Although many politicians pay lip service to the idea of education as a necessity in an increasingly global job market, they rarely discuss the issue of education as a cornerstone of democracy. Perhaps this is an honest oversight, but few politicians would be thrilled about the idea of teaching students to approach political claims with skepticism and to recognize the logical fallacies that politicians regularly employ. Yet the ability to analyze political and other arguments is essential for an educated citizenry. In this age of information, misinformation and manipulation are more commonplace than ever, and citizens need to know how to analyze political speeches, sales pitches, and presumably scientific claims rationally in order to make informed decisions. Luckily, where education fails them, Michael Shermer, author of Why People Believe Weird Things: Pseudoscience, Superstition, and Other Confusions of Our Time steps in.
A card-carrying skeptic, Shermer provides readers with a basic understanding of how to differentiate science from pseudoscience, as well as an inventory of common fallacies that often lead to erroneous conclusions. Although his list of scientific and logical fallacies is not exhaustive, he covers the most common errors simply and concisely. More importantly, however, Shermer spends most of his time debunking varied claims such as alien abductions, holocaust denial, and intelligent design with considerable detail. From the opening prologue with its case of a psychic whose cold-reading tricks he exposed on the Oprah Winfrey Show to the analysis of the feedback loop behind the Salem Witch Trials and other cases of widespread panic, Shermer keeps his readers’ attention. In case after case, he demonstrates how to use observation, statistical analysis, cognitive science, logic, and the scientific method to debunk creation scientists, paranormal investigators, conspiracy theorists, white supremacists, self-help gurus, and psychics, whether they are charlatans or merely confused.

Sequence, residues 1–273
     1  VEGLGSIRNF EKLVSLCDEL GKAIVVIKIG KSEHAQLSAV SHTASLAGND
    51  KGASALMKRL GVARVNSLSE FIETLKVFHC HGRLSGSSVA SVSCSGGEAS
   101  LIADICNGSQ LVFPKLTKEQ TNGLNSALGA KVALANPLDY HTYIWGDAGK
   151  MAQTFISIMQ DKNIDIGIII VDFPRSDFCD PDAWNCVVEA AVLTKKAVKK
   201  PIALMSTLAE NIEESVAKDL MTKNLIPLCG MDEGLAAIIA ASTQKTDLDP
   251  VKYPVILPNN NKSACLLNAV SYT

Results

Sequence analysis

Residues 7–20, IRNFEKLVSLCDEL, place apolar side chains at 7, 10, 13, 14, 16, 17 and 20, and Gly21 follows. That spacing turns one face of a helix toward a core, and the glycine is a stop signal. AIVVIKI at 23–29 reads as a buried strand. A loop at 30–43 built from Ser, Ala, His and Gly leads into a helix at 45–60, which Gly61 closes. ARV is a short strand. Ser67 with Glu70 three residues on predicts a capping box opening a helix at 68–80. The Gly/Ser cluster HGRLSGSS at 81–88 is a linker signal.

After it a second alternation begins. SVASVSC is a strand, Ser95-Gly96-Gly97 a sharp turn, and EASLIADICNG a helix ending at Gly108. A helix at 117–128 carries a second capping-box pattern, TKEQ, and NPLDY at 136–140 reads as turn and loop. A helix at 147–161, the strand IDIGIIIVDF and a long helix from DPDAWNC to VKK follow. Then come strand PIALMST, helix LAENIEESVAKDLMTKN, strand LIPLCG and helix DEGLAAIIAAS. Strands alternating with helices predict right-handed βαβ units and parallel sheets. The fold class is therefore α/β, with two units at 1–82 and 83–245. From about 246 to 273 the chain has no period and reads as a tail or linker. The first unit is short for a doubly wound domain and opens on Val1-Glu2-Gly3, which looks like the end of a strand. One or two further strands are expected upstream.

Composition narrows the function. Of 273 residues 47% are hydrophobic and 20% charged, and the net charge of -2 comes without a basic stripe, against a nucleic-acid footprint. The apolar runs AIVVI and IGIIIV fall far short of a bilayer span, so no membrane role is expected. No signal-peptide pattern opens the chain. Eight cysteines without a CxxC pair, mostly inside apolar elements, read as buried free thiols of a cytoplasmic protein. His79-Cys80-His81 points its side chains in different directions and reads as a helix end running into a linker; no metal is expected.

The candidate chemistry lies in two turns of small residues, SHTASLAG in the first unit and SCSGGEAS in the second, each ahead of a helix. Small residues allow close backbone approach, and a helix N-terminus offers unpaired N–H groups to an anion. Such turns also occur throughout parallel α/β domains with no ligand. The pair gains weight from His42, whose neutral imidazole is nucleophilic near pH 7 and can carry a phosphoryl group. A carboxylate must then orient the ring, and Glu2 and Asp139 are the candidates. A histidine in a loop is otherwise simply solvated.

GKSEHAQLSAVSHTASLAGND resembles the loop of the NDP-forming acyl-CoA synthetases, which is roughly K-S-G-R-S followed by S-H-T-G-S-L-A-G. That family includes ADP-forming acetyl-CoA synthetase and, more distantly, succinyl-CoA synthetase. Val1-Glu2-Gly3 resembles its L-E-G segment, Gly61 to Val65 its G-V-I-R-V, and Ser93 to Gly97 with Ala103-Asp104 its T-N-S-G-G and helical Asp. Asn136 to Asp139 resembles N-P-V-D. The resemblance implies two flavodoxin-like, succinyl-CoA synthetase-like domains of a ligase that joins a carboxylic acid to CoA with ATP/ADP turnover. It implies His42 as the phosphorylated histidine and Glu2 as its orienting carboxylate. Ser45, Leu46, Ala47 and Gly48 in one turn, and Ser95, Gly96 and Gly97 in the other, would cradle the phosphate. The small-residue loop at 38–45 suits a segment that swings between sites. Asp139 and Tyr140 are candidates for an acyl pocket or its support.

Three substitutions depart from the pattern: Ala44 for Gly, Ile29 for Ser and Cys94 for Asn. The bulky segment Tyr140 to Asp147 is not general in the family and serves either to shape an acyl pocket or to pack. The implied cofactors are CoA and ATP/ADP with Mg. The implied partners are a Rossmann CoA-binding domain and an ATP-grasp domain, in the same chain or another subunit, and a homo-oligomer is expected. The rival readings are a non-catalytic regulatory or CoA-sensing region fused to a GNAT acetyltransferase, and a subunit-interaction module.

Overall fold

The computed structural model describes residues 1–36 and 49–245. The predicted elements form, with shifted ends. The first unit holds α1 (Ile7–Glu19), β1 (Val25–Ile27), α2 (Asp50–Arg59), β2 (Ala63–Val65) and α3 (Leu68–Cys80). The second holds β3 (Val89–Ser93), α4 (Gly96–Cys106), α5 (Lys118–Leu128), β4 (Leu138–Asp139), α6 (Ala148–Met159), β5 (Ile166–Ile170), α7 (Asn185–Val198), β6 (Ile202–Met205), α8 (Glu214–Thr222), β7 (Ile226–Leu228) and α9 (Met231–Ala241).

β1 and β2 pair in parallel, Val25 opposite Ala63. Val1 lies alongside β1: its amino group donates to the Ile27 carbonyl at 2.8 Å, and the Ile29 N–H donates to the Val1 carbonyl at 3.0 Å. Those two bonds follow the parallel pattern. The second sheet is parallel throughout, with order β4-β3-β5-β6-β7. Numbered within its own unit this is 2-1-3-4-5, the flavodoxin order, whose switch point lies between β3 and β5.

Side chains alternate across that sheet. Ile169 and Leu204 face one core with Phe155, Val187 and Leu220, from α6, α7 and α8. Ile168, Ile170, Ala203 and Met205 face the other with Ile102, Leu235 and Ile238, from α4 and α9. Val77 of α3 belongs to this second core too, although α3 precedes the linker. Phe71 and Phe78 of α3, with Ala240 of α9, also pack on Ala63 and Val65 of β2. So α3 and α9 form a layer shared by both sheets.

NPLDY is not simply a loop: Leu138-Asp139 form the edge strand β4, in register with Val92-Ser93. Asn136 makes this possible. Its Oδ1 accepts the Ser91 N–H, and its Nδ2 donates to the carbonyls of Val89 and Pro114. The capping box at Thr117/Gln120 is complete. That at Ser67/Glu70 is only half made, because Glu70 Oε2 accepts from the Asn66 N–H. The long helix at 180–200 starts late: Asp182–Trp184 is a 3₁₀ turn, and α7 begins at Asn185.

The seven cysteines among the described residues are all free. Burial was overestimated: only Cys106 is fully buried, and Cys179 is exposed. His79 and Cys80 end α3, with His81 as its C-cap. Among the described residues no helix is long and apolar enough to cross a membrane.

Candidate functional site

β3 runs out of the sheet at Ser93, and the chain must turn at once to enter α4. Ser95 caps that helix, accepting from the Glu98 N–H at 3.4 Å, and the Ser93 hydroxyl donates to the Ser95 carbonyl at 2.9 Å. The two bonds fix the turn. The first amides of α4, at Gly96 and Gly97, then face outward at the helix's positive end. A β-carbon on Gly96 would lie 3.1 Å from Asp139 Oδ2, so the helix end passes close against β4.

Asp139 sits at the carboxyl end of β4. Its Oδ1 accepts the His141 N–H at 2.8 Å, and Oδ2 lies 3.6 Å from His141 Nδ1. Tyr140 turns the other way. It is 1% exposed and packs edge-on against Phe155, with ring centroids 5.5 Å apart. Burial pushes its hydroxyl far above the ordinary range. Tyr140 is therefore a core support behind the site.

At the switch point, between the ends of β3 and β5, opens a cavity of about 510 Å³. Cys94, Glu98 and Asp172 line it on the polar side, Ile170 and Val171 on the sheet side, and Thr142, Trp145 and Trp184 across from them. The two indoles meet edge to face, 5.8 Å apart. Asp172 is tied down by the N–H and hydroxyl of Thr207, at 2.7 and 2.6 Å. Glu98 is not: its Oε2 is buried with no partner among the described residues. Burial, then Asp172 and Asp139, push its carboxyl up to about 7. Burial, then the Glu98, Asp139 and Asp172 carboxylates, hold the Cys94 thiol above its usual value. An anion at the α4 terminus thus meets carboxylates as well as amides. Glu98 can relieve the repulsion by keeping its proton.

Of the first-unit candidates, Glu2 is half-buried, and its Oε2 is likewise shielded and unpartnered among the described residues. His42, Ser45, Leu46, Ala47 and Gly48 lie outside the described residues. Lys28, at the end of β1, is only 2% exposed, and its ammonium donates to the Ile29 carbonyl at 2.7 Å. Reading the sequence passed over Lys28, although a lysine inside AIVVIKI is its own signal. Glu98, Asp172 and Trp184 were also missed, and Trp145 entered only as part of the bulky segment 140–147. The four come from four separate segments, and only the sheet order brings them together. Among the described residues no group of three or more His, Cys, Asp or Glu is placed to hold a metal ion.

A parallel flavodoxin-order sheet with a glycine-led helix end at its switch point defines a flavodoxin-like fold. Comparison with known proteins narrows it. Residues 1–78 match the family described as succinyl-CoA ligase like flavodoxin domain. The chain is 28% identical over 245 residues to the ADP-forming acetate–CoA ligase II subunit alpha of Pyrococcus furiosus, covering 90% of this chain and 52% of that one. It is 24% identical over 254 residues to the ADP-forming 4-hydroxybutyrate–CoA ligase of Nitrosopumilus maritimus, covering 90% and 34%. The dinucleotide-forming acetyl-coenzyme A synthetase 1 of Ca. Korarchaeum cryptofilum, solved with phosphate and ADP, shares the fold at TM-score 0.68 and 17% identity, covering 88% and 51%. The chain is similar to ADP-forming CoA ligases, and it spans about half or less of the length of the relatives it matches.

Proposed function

Unlike many other books on logic or science, Shermer’s book it is quite user-friendly. Though he spends several chapters analyzing creationism and holocaust denial from various angles, readers can begin reading at the beginning of almost any chapter in the book and still make sense of his arguments. True to his skeptical roots, he uses technical jargon minimally in order to clarify rather than to confuse or intimidate readers. He also uses simple charts and images to illustrate complex concepts when necessary. His approach is accessible without being simplistic and detailed without being overwhelming.
Why People Believe Weird Things is a great introduction to applied skepticism that will interest both self-declared skeptics and those who are simply curious about why some people believe such crazy things. If you’ve ever scoffed at someone who claims he has met extraterrestrials or who thinks she has E.S.P., this may be the book for you.